Take For Cash for instance. In three starts this year he has defeated a total of two horses. And yet, it would be absolute folly to ignore his chances in the Alberta Breeders’ Handicap - one of seven stakes races on the annual Alberta Fall Classic races restricted to Alberta-breds this Saturday.
“We definitely haven’t seen the best of him yet this year,” said trainer Dale Greenwood as nuzzled the nose of his pony inside his shedrow at Northlands Monday morning, “He’s had his issues this year.” That’s for sure. For starters For Cash tied up in his last start, the Fred Jones, said Greenwood of an ailment when a horse’s muscles - usually the hindquarters - cramp and seize up. “He was so sore after his last race that we couldn’t even cool him out. He could hardly walk.”
While not for certain Greenwood suspects that For Cash did the same thing in the race before the Fred Jones - the Spangled Jimmy. What is for sure is that For Cash was not For Cash, a horse that has logged a record of nine wins, six seconds and eight thirds in his 31 career starts for earnings of $451,834.
One of those wins came in the 2013 $200,000 Zia Park Derby in New Mexico when, after only having one horse headed during the early going, he unleashed a scintillating charge sweeping to a half-length victory at odds of 16-1. That year For Cash also won the Fall Classic’s Beaufort.
Last year was another banner season as For Cash won the Fred Jones and the Westerner stakes - the latter by four very easy lengths after vying for the early lead with Killin Me Smalls and then pulling away.
“Best horse I’ve ever trained. You don’t get many Derby winners,” said Greenwood, who almost won another Derby - the 2002 Canadian Derby at Northlands - with Sweet Monarch, who ran second to Lady Shari in a one-two finish for the fillies. Greenwood, 62, should know. Training for 36 years, Greenwood has consistently been one of Northlands leading trainers. But like For Cash, this hasn’t been one of them.
“A lot of seconds, a ton of thirds but not very many wins,” said Greenwood, who has sent out five winners at Northlands from 47 starts at Northlands. Eight times he has run second; 16 times he has been third. “As far as reaching the winner’s circle it’s been my worst year ever,” said Greenwood, who grew up with horses. “My dad, Bill, was mostly in to chuckwagon racing but he always had a few race horses - mostly on the ‘B’ circuit but also a couple of the ‘A’ circuit in Calgary and Edmonton.
For a short time Dale also drove the chucks winning at Bonnyville and Wainwright. But then came an offer from Ben Janko to train his string of nine thoroughbreds. Unfortunately, that didn’t last very long; Janko died from liver failure in January of 1983 at the age of just 49. “I was just new - just getting started,” said Greenwood, who also ran a trucking business. “And here I was all on my own. It was pretty scary.”
Gradually Greenwood started picking up new clients and, more importantly, started winning races. Soon he was one of Alberta’s top trainers.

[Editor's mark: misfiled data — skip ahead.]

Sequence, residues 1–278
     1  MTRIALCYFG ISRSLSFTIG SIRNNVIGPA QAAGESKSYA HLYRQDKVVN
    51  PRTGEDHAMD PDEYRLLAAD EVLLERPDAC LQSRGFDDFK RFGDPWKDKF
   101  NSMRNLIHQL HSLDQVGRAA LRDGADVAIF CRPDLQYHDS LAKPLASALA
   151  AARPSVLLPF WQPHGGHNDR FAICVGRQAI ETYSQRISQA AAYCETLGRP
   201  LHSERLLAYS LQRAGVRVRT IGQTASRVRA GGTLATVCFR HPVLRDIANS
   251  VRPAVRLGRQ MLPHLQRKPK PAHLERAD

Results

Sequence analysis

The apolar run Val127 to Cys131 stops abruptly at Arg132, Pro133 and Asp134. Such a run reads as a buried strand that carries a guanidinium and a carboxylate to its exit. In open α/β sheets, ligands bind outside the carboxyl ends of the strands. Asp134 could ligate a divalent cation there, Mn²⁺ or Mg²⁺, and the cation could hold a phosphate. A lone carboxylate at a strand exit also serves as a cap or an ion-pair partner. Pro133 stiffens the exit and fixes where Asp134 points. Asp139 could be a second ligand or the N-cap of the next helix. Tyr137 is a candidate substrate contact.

Owned by Lyle and Phylis Farkash, For Cash was always cut out to be a champion. After all, For Cash’s dam is Punching, who is also the mother of 2012 Canadian Derby winner Toccetive, who followed up that Derby win with a victory in the Speed to Spare which was more than enough to make him that year’s Alberta Horse of the Year.
Toccetive, however, hasn’t been the same since those two wins. Like For Cash, Toccetive has had ‘issues.’ “We shipped Toccetive to Phoenix and somehow he tipped over in the van badly damaging a suspensory ligament. He hasn’t won a race since that Speed to Spare.”
As well as For Cash and Toccetive Punching, a big mare that stands 17 hands high who won four of her six starts - all allowance races - is also the dam of two other foals owned by Lyle and Phylis: a two-year-old that bucked its shins but looks to be very promising and a baby by Shackleford, winner of the 2011 Preakness whose first foals are this season’s two-year-olds.
For Cash hasn’t started since tying up in the July 16 Fred Jones. But don’t let that dissuade you either. “It would have have been nice to get him a race before this - it would have been nice to have a tightner under his belt - but I think he should be fine,” said Lyle. “We didn’t want to run him against monsters in stakes races for aged horses but there just weren’t any other races.”
There aren’t any ‘monsters’ in the Alberta Breeders’ Handicap with the likes of Killin Me Smalls and Blue Dancer neither Alberta-bred and therefore not eligible.
On paper it looks like Centrefire, who won the July 1 Sales Stakes; Water Wagon, who defeated Centrefire last month and then just missed - by a rapidly diminishing head - on Sept. 3 against R. Valentino - a race in which another Alberta Breeders’ opponent, Keene On Demand, was another neck back in third and Xtreme Denigray, who won his last start coming from far back, appear to be For Cash’s main rivals.
“For Cash has been training up to this race very well,” said Lyle. “He’s ready to go; he’s back on track.” Greenwood concurred completely. “He had a nice six furlong work in 1:18 and change 10 days ago and then he worked five furlongs very nicely in 1:00 3/5 last Friday.”
While Lyle was in the cattle business, his wife’s family has been involved in thoroughbred racing since the late 1930s with her grandfather, Rex Ireland, instrumental in getting ‘Red’ McKenzie into the sport, and her father, Reg, both heavily invested in thoroughbred racing making them one of the longest standing racing families in Alberta racing.
“Phylis is the one who got me into horse racing,” said Lyle. “What started out as a hobby has turned into a work load. But it’s something we both really get a lot of enjoyment out of. “Of course once you win a big one the expectations get higher and higher.” The expectation this Saturday is the Alberta Breeders’.
Ignore For Cash at your own peril.
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